Heroes of Sustainability: Harvey Lacey

Harvey Lacey. Photo by Beccalyn Photography.

Harvey Lacey, a grandfatherly looking Texas inventor in his 60s, has found a simple and elegant solution to a problem that others have found to be completely unsolvable — housing the most desperately poor people on earth. Lacey teaches Haitians how to build dry, well-insulated, and sturdy dwellings made from trash. The basic element of construction is what Lacey calls Ubuntu-Blox. (“Ubuntu” means “humanity to others.”)

Trash to Treasure
Ubuntu-Blox are building blocks made from recycled plastic and Styrofoam. The plastic and Styrofoam are cleaned and then compressed. Later, dwellings arise when the blocks are layered and reinforced with wire and rebar to form walls. Roofing can be done with scrap lumber. Finally, the walls are sealed with a coating of mud or stucco.

Surprisingly, dwellings constructed from Ubuntu-Blox have been shown in tests to be capable of withstanding hurricane-speed winds and a level of shaking found during strong earthquakes.

More about building with Ubuntu-Blox can be seen in a video from the Memnosyne Foundation and a recent article by Gail Bennison published in the Collin County Business Press.

In Haiti, Lacey teaches Haitians (generally women) how to make Ubuntu-Blox and how to use them in construction. One woman described her motivation to become a student of Lacey by saying that she simply did not want to have to stand in water when it rained. Lacey’s students can use the skills they learn in constructing a dwelling for themselves to earn income that will take them out of extreme poverty. They can make and sell Ubuntu-Blox and sell their labor to construct buildings for others.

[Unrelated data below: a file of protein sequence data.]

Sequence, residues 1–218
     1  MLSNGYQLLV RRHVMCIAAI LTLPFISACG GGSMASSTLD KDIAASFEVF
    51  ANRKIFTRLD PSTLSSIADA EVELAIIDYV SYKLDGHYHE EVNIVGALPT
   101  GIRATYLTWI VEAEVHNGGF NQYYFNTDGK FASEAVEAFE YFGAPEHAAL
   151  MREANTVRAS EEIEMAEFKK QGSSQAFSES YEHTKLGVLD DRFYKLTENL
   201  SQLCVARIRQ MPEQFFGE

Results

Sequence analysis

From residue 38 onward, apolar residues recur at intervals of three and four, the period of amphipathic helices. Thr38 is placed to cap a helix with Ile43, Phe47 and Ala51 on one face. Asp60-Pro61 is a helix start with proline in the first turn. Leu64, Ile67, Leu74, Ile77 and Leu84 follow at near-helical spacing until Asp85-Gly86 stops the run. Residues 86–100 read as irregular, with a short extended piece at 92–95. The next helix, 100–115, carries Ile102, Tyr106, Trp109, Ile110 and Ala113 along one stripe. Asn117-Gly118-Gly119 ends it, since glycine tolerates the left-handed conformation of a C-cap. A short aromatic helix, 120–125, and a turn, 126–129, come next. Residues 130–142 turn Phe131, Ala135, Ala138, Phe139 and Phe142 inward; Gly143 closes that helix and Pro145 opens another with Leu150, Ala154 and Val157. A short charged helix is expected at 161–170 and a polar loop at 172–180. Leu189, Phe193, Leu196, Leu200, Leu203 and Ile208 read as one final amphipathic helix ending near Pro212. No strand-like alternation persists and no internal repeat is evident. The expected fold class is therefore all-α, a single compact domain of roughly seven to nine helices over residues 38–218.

A Humanitarian
Lacey is supported in his travels by a small grant from Memnosyne Foundation. Lacey’s reward for his work is helping people who desperately need help. He does not want royalties from those who choose to build with Ubuntu-Blox. He conceives of what he is doing as going beyond the familiar parable about teaching a hungry man to fish. He teaches a more advanced technology — a technology that is more like teaching a hungry man how to use a fishing net, not just a fishing pole.

Lacey is now getting calls from all over the world from people who want to find out more about how trash can be used to provide well-constructed dwellings for almost no money. He is very happy to take those calls and to offer his help and encouragement.

Lacey’s work is beginning to have a worldwide impact. That is important in light of a struggle that more and more poor people now have to stay out of extreme poverty. Turning recycled trash into decent housing is an exceptional advance in both humanitarian action and sustainability. If you like what Lacey is doing, you can let him know by sending a message to ubuntublox(at)gmail.com. You could also send a contribution to Memnosyne Foundation, 2902 Maple Avenue, Dallas, TX 75201, and let them know you appreciate their support of Harvey Lacey.

Share